Mexican cuisine is also on trend. “In the last few years, Mexican cuisine has focused on highlighting Mexico’s regional flavors,” Castaldi said. “Consumer fascination with Mexican flavors has expanded to include the flavors and cuisine of South America. Brazilian flavors are the fastest-growing global flavors on lunch and dinner full-service menus. Chimichurri, an herb-based sauce with cilantro and parsley, originates from Argentina but is used on Brazilian grilled meats. Aji amarillo sauce is popular across Peru and is currently in the early stages of menu adoption. Aji peppers, which provide a sweet heat, are the star of this sauce.”
SupHerb Farms has lots of pepper and pepper-inspired culinary pastes that work well in Hispanic sauces. According to Scott Adair, executive corporate chef of SupHerb Farms, "The Ancho Chile with Lime Paste and the Ancho Orange Paste (chilorio sauce) add a slightly smoky and citrus flavor, respectively. They can be used as is or added to salsa, pico de gallo and even mole sauces. Or they go great with mayo, sour cream and Greek yogurt to add a Hispanic kick to condiments.”
Culinary pastes give the developer the ability to create flavors from around the globe with few ingredients, helping the bottom line of any condiment maker. Adair suggested using culinary pastes in mayo, hummus, sour cream, ketchup, mustard and Greek yogurt. Applications are limited only by the developer’s creativity. He offered a few ideas as a starting point: Jamaican jerk ketchup, Moroccan harissa spiked honey, black garlic and ginger mayo, ancho orange Dijon mustard sauce, chimichurri ranch sauce, and Sriracha and mango chutney.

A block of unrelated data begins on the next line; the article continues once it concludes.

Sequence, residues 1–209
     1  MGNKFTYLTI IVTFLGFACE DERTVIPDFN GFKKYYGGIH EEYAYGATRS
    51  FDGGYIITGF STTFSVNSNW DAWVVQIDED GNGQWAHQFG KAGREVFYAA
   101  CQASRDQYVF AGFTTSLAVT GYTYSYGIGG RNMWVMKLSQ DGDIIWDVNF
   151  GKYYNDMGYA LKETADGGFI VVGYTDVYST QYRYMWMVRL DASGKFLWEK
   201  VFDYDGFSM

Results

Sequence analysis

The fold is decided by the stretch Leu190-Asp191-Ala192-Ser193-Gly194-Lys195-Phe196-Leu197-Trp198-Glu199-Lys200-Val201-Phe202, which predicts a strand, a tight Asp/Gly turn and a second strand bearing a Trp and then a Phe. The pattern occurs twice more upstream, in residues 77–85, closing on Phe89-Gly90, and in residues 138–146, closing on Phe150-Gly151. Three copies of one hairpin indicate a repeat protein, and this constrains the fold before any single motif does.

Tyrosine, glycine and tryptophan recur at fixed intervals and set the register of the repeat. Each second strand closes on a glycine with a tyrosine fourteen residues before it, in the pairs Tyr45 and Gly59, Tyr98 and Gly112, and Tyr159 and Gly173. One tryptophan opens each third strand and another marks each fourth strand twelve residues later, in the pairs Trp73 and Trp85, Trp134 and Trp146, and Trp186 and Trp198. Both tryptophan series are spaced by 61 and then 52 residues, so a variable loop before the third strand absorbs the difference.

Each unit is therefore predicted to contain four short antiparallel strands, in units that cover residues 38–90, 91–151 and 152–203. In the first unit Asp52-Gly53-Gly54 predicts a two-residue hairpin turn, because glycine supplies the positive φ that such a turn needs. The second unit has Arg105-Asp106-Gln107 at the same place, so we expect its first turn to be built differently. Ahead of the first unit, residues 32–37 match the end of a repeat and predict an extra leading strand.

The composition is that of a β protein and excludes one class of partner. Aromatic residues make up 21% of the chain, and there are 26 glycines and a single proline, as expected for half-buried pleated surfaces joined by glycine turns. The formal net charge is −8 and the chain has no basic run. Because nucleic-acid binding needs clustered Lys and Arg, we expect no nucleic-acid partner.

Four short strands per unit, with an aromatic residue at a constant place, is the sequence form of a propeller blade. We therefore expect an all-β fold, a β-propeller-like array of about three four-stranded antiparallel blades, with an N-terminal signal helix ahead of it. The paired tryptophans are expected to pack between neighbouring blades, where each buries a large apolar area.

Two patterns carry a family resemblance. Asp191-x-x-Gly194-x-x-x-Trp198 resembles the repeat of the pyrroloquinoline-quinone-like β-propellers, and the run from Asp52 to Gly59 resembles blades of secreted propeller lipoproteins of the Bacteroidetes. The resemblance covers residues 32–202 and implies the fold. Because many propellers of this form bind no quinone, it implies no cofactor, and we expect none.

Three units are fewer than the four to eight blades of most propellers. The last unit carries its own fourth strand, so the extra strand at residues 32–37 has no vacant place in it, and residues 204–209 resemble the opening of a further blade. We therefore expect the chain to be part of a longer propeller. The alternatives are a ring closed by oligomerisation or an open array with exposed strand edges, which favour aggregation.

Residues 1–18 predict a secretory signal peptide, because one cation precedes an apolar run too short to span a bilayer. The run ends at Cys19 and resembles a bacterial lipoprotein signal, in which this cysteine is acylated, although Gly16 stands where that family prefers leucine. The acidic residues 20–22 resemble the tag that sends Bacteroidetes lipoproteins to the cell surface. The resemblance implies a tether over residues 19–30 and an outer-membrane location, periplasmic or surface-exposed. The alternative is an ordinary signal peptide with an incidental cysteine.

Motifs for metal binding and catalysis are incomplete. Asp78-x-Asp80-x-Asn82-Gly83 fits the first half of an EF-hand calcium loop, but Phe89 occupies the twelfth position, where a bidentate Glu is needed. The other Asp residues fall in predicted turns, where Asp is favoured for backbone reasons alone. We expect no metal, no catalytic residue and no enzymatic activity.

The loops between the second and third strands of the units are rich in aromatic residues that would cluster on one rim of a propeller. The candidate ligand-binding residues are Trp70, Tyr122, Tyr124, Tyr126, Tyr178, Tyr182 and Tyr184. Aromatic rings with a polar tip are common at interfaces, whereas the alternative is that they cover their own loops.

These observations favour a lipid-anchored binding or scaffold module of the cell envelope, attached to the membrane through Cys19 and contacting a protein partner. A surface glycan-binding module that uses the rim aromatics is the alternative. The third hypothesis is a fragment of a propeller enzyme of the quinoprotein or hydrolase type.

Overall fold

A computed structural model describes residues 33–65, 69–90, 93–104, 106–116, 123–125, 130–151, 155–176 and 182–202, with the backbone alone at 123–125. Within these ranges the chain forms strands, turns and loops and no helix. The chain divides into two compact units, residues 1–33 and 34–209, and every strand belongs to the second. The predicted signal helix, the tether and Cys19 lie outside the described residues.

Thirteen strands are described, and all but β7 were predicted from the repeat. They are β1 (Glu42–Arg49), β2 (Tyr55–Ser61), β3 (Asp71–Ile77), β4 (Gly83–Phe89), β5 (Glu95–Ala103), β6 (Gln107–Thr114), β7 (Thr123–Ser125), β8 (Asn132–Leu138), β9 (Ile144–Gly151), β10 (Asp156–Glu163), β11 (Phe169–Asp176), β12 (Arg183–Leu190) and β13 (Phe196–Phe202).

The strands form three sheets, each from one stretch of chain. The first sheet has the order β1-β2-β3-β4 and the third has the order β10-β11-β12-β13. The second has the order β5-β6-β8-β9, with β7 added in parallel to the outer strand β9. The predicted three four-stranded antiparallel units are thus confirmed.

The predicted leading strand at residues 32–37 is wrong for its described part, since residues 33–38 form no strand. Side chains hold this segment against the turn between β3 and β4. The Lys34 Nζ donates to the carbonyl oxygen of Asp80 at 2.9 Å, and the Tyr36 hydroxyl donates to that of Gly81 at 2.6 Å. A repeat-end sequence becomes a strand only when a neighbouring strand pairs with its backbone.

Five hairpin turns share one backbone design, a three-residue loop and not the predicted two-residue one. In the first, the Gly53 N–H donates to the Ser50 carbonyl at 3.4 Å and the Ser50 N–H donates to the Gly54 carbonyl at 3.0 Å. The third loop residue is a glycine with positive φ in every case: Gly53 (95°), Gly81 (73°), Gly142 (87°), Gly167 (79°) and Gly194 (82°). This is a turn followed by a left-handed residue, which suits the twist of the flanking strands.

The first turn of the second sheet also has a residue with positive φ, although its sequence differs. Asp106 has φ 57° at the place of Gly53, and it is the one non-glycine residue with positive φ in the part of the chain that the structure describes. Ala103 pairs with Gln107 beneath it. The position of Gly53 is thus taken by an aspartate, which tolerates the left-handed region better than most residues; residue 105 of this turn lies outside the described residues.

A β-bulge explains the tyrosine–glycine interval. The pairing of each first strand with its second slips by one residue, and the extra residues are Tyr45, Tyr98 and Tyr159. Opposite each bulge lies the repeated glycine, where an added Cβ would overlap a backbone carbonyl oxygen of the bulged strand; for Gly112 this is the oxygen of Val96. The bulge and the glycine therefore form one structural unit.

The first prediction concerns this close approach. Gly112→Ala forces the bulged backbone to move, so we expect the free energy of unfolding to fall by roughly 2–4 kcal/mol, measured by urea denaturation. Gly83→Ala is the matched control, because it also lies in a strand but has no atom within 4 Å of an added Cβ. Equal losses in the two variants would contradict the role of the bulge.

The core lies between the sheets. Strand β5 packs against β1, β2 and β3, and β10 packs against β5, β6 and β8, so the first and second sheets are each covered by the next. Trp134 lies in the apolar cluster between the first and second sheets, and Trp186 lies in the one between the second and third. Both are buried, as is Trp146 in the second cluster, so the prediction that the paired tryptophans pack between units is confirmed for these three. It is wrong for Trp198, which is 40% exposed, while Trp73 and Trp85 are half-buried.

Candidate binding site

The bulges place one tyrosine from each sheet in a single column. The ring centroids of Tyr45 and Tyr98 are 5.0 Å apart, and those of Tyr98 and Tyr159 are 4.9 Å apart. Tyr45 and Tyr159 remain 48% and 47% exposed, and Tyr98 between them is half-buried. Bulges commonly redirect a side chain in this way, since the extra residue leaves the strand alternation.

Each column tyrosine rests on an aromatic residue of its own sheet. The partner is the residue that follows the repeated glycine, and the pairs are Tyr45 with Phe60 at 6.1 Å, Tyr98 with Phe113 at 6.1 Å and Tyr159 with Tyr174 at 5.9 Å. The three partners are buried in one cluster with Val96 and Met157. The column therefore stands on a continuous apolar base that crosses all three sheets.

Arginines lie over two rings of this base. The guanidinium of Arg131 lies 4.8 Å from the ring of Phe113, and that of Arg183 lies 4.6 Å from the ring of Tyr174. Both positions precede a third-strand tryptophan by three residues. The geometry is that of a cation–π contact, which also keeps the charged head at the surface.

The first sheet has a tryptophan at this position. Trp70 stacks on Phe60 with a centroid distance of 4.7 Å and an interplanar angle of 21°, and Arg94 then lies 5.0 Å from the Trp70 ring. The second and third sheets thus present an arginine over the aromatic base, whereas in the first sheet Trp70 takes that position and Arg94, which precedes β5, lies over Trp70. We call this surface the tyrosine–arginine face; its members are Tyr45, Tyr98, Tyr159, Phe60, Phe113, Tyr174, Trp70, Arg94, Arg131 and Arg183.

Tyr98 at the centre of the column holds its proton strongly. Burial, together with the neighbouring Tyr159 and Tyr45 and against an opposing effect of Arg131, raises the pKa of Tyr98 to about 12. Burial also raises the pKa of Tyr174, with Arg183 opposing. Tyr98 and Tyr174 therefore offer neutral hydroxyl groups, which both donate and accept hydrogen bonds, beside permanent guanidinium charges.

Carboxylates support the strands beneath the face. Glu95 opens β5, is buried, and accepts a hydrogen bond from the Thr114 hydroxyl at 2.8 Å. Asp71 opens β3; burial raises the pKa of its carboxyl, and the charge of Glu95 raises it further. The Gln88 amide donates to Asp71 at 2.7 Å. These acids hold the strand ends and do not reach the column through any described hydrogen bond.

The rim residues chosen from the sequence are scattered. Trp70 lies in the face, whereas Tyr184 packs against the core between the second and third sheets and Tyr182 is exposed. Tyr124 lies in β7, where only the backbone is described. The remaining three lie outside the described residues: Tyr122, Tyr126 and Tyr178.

SupHerb Farms also has diced aji peppers. “Peruvian peppers add a uniquely fruity, spicy flavor to Hispanic sauces. Different than chipotle and jalapeno, they have a very refreshing sweet heat," Adair said. Jalapenos and roasted poblanos also add authentic flavor to condiments. Purees are another refreshing option. Ginger, garlic, roasted garlic, lemongrass or shallot puree can add flavor and texture. Plus, they are all viewed as natural, which is a benefit to any condiment producer.